Author: Shawn DuBravac
Publisher: Simon and Schuster
ISBN: 162157380X
Size: 67.63 MB
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Our world is about to change. In Digital Destiny: How the New Age of Data Will Change the Way We Live, Work, and Communicate, Shawn DuBravac, chief economist and senior director of research at the Consumer Electronics Association (CEA), argues that the groundswell of digital ownership unfolding in our lives signals the beginning of a new era for humanity. Beyond just hardware acquisition, the next decade will be defined by an all-digital lifestyle and the “Internet of Everything”—where everything, from the dishwasher to the wristwatch, is not only online, but acquiring, analyzing, and utilizing the data that surrounds us. But what does this mean in practice? It means that some of mankind’s most pressing problems, such as hunger, disease, and security, will finally have a solution. It means that the rise of driverless cars could save thousands of American lives each year, and perhaps hundreds of thousands more around the planet. It means a departure from millennia-old practices, such as the need for urban centers. It means that massive inefficiencies, such as the supply chains in Africa allowing food to rot before it can be fed to the hungry, can be overcome. It means that individuals will have more freedom in action, work, health, and pursuits than ever before.

The Wealth Of Humans

Author: Ryan Avent
Publisher: Macmillan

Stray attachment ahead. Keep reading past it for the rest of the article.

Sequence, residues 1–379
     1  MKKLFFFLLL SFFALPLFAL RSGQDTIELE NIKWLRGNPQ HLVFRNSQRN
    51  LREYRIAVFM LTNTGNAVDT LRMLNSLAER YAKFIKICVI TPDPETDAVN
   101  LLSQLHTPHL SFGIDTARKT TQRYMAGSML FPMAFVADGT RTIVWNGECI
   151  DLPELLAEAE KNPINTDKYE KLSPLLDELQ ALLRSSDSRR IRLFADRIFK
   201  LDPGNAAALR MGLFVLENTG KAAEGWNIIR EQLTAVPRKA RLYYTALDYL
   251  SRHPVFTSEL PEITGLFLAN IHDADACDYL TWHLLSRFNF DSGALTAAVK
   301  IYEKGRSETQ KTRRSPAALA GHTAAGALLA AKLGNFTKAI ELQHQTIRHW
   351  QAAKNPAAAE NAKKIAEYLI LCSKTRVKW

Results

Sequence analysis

ISBN: 1250075807
Size: 63.51 MB
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An investigation of how the digital revolution is fundamentally changing our concept of work, and what it means for our future economy.

The Origin Of Wealth

Author: Eric D. Beinhocker
Publisher: Harvard Business Press
ISBN: 9781578517770
Size: 66.30 MB
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What is wealth? How is it created? And how can we create more of it for the benefit of individuals, businesses, and societies? In The Origin of Wealth, Eric Beinhocker provides provocative new answers to these fundamental questions. Beinhocker surveys the cutting-edge ideas of economists and scientists and brings their work alive for a broad audience. These researchers, he explains, are revolutionizing economics by showing how the economy is an evolutionary system, much like a biological system. It is economic evolution that creates wealth and has taken us from the Stone Age to the $36.5 trillion global economy of today. By better understanding economic evolution, Beinhocker writes, we can better understand how to create more wealth. The author shows how complexity economics is turning conventional wisdom on its head in areas ranging from business strategy and organizational design to investment strategy and public policy. As sweeping in scope as its title, The Origin of Wealth will rewire our thinking about the workings of the global economy and where it is going.

Complexity And The Arrow Of Time

Author: Charles H. Lineweaver
Publisher: Cambridge University Press
ISBN: 1107276632
Size: 37.35 MB
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There is a widespread assumption that the universe in general, and life in particular, is 'getting more complex with time'. This book brings together a wide range of experts in science, philosophy and theology and unveils their joint effort in exploring this idea. They confront essential problems behind the theory of complexity and the role of life within it: what is complexity? When does it increase, and why? Is the universe evolving towards states of ever greater complexity and diversity? If so, what is the source of this universal enrichment? This book addresses those difficult questions, and offers a unique cross-disciplinary perspective on some of the most profound issues at the heart of science and philosophy. Readers will gain insights in complexity that reach deep into key areas of physics, biology, complexity science, philosophy and religion.